In A Turkish Village, A Conversation With Whistles, Not Words

In a remote mountain village high above Turkey’s Black Sea coast, there are villagers who still communicate across valleys by whistling. Not just whistling as in a non-verbal, “Hey, you!” But actually using what they call their “bird language,” Turkish words expressed as a series of piercing whistles.

The village is Kuskoy, and it’s inhabited by farmers who raise tea, corn, beets and other crops, and also keep livestock. The landscape is unusual by Turkish standards, and the residents are also considered a bit eccentric by other Turks.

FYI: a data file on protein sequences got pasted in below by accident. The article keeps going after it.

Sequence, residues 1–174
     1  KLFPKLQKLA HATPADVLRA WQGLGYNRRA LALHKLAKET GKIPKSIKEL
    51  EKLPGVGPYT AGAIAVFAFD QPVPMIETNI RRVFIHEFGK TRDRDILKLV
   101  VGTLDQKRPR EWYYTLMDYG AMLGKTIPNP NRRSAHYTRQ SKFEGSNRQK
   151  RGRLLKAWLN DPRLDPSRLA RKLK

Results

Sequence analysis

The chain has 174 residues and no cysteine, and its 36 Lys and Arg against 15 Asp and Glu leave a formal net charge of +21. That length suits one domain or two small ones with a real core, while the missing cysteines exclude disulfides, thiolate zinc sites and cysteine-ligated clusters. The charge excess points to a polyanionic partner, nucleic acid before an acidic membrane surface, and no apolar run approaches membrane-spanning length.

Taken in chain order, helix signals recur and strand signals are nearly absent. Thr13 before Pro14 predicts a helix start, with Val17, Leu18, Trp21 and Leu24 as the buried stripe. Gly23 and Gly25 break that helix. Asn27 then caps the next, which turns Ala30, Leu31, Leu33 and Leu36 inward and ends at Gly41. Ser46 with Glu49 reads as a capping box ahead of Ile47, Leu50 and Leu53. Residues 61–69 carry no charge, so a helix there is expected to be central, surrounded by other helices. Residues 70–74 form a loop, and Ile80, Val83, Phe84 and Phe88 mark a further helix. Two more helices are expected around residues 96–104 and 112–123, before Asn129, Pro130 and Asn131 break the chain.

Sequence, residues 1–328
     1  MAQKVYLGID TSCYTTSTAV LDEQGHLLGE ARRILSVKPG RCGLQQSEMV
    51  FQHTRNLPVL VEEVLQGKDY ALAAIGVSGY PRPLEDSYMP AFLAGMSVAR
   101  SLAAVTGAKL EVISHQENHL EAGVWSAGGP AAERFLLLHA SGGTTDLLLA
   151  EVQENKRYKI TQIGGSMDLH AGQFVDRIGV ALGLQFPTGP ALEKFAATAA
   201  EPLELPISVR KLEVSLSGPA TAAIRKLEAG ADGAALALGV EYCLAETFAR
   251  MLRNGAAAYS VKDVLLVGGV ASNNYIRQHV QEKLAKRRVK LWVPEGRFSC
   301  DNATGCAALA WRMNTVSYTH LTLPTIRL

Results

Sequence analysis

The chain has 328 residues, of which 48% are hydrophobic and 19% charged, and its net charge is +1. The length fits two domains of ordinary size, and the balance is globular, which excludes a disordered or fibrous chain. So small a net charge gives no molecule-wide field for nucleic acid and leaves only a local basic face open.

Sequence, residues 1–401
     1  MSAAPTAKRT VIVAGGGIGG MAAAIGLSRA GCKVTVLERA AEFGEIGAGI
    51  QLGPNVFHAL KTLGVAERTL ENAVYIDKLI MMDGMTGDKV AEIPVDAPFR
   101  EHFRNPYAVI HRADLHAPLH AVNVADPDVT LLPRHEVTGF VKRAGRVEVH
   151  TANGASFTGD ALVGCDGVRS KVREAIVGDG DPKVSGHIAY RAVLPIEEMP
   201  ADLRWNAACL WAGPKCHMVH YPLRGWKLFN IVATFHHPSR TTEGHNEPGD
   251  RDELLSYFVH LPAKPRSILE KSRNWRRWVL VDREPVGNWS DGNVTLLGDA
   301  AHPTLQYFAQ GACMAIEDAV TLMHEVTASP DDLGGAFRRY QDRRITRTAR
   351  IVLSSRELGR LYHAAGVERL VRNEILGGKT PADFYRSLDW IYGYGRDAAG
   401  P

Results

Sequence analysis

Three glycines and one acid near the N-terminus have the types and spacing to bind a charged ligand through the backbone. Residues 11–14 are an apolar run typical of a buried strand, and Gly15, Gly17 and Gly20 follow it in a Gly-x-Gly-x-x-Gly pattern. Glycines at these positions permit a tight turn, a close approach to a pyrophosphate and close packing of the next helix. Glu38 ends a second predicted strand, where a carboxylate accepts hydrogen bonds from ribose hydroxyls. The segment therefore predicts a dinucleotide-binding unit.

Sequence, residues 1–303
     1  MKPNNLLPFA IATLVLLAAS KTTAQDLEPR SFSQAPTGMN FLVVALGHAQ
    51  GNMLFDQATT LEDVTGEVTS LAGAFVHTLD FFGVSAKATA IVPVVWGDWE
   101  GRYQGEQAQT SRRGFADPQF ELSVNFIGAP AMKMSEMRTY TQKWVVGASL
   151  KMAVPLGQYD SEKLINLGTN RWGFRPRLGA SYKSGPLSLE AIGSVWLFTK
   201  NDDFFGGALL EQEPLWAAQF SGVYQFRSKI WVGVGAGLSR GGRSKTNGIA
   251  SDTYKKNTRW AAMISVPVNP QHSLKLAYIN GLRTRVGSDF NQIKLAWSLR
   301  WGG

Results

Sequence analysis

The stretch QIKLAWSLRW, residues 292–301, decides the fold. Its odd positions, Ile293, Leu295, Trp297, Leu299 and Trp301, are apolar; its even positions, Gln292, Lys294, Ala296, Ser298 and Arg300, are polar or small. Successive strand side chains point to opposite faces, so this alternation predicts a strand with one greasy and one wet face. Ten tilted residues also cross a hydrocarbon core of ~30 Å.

Everyone we met in Kuskoy was warm, welcoming and very generous. But when our meeting with Nazmiye Cakir, 60, was interrupted by an eruption of gunfire from across the valley, our hosts smiled reassuringly and paused, as if waiting for more. Sure enough, a few seconds later came an even louder volley – a response from our side of the mountain.

Read more: NPR

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